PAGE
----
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that have been still made it and mccrone is seen as you know a man with a big vision but how is he going to implement this this type of narrative actually repels the poles it upsets the baltic nations so it's actually causing more division within the e.u. and you know people in brussels will say fine we'd love to you know work with process soon as they leave crimea going dyson in moscow so to quote the german defense minister how does a quote consensus of words become a consensus of action we seem to be in a period of people trying to push other people to reinvent themselves but nobody's quite clear what the direction is here. no and i think that's quite correct in the you see now the being pushed in very different ways for a variety of reasons you just mentioned technologists there obviously the americans have been unable to really translate their security dependency by the europeans into as a national geo economic loyalties so you see europeans now signing up for their. technology platforms you see them signing up for the belt and world initiative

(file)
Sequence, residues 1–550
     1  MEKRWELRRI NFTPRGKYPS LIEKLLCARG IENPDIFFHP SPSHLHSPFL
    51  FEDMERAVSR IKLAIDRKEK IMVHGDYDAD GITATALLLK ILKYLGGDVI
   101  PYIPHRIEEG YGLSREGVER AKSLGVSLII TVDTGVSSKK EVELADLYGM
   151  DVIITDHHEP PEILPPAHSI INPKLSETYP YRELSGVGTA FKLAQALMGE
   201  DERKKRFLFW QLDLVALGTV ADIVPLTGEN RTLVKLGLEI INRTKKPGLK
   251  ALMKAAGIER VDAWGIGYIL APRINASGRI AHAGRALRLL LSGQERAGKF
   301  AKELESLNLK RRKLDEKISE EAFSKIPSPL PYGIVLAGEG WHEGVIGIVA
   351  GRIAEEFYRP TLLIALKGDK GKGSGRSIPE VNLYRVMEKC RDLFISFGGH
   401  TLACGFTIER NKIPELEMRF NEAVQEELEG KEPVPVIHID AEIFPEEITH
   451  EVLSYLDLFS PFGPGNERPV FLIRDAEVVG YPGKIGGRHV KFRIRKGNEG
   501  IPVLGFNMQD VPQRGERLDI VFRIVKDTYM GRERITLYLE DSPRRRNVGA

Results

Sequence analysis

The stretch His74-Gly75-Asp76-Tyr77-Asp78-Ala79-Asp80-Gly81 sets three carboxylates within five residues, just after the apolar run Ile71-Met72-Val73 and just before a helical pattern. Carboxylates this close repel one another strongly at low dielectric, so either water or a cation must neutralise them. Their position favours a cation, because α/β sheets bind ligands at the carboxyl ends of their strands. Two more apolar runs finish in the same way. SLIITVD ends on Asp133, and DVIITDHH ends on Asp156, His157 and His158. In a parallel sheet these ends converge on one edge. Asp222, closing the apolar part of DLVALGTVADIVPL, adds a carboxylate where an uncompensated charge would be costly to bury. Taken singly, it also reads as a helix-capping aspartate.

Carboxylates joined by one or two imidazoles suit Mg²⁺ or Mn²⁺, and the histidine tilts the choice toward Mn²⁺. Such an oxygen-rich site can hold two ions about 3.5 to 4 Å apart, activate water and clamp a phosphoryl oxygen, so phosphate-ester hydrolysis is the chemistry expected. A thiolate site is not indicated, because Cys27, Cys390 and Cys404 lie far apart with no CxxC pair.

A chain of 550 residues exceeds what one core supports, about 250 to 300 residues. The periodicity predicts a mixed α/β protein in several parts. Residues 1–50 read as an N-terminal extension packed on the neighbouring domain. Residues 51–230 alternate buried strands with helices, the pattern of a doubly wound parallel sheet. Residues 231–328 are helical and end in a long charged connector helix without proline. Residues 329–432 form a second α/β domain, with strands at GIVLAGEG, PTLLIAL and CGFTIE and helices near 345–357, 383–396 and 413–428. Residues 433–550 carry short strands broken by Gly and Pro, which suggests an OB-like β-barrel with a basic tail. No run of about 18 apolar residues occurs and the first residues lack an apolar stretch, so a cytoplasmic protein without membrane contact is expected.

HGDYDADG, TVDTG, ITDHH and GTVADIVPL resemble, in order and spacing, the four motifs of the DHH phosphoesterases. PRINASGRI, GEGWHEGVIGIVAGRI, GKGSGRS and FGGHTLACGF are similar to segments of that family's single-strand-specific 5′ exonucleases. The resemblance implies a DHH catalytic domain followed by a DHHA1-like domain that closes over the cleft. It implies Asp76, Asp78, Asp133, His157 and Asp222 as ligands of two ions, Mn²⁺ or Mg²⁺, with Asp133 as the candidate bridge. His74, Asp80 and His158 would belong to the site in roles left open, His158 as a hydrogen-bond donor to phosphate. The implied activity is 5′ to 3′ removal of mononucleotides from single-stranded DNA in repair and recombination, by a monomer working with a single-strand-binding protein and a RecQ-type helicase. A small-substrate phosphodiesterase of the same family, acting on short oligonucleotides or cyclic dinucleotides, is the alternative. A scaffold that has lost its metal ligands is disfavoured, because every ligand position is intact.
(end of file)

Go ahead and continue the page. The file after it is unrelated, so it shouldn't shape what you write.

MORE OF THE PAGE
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countries from you know turkey and others are buying russian weapons systems and all of this goes against irrespective of american objections and threats of sanctions so if you see now someone trying to subject ptolemy others are seeking more closer alignment with the u.s. especially poland then. but then also in terms of russia the relation is quite different because of course during the cold war for many eastern europeans and the cold war a lot was largely about the dominant of russia so for them after the cold war they wanted not necessarily to raise the division lines but rather to move to the east and to a large extent that's what happened now if i'm not going on says that he wants to have a different approach to russia. then essentially what the russians want is to remove the dim vision alliance in europe and that would obviously make the baltic states and poland quite uncomfortable. you know that goes against their historical narrative and the way they see the main challenges being in the world and roderick